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Lecture# Sinusoidal Quantities: Analytical Expressions and Parameters

Description

This lecture covers the analytical expressions and parameter definitions related to sinusoidal quantities in electrical engineering at Polytechnic University. Topics include amplitude, phase angle, phase shift, RMS values, resistance, inductance, and complex calculus.

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MICRO-100: Electrotechnics I

Le cours aborde les bases des circuits électriques composés d'éléments linéaires, en régime continu. Une série de méthodes de transformations sera traitée.
Le régime alternatif est traité en fin de se

Découvrez les circuits électriques linéaires. Apprenez à les maîtriser et à les résoudre, dans un premier temps en régime continu puis en régime alternatif.

Découvrez les circuits électriques linéaires. Apprenez à les maîtriser et à les résoudre, dans un premier temps en régime continu puis en régime alternatif.

In physics and mathematics, the phase (symbol φ or φ) of a wave or other periodic function of some real variable (such as time) is an angle-like quantity representing the fraction of the cycle covered up to . It is expressed in such a scale that it varies by one full turn as the variable goes through each period (and goes through each complete cycle). It may be measured in any angular unit such as degrees or radians, thus increasing by 360° or as the variable completes a full period.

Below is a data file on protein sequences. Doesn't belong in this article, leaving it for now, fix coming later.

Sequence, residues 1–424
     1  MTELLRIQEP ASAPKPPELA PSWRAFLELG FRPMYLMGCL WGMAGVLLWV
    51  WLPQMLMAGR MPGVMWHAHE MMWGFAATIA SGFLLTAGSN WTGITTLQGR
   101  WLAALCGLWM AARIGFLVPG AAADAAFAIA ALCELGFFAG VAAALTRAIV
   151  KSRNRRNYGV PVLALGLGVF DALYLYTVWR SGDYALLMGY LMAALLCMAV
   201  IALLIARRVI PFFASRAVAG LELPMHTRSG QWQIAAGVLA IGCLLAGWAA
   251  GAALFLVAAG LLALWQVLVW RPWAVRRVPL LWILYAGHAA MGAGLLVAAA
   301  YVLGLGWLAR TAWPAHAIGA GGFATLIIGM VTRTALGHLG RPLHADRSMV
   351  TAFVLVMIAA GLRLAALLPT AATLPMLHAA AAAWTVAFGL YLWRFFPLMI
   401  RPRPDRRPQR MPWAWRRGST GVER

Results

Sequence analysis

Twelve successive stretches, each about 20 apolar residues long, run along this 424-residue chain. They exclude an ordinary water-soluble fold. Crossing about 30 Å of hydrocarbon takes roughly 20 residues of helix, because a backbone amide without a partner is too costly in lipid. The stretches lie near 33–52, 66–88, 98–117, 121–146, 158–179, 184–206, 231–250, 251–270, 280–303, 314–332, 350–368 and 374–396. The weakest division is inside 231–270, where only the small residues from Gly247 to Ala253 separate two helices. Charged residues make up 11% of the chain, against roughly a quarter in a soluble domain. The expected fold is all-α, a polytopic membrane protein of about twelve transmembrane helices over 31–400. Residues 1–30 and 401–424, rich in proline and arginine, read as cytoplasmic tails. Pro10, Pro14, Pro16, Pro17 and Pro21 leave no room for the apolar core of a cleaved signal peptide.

The amplitude of a periodic variable is a measure of its change in a single period (such as time or spatial period). The amplitude of a non-periodic signal is its magnitude compared with a reference value. There are various definitions of amplitude (see below), which are all functions of the magnitude of the differences between the variable's extreme values. In older texts, the phase of a periodic function is sometimes called the amplitude. For symmetric periodic waves, like sine waves, square waves or triangle waves peak amplitude and semi amplitude are the same.

Inductance is the tendency of an electrical conductor to oppose a change in the electric current flowing through it. The flow of electric current creates a magnetic field around the conductor. The field strength depends on the magnitude of the current, and follows any changes in current. From Faraday's law of induction, any change in magnetic field through a circuit induces an electromotive force (EMF) (voltage) in the conductors, a process known as electromagnetic induction.

In physics, a sinusoidal plane wave is a special case of plane wave: a field whose value varies as a sinusoidal function of time and of the distance from some fixed plane. It is also called a monochromatic plane wave, with constant frequency (as in monochromatic radiation). For any position in space and any time , the value of such a field can be written as where is a unit-length vector, the direction of propagation of the wave, and "" denotes the dot product of two vectors.

An inductor, also called a coil, choke, or reactor, is a passive two-terminal electrical component that stores energy in a magnetic field when electric current flows through it. An inductor typically consists of an insulated wire wound into a coil. When the current flowing through the coil changes, the time-varying magnetic field induces an electromotive force (emf) (voltage) in the conductor, described by Faraday's law of induction. According to Lenz's law, the induced voltage has a polarity (direction) which opposes the change in current that created it.

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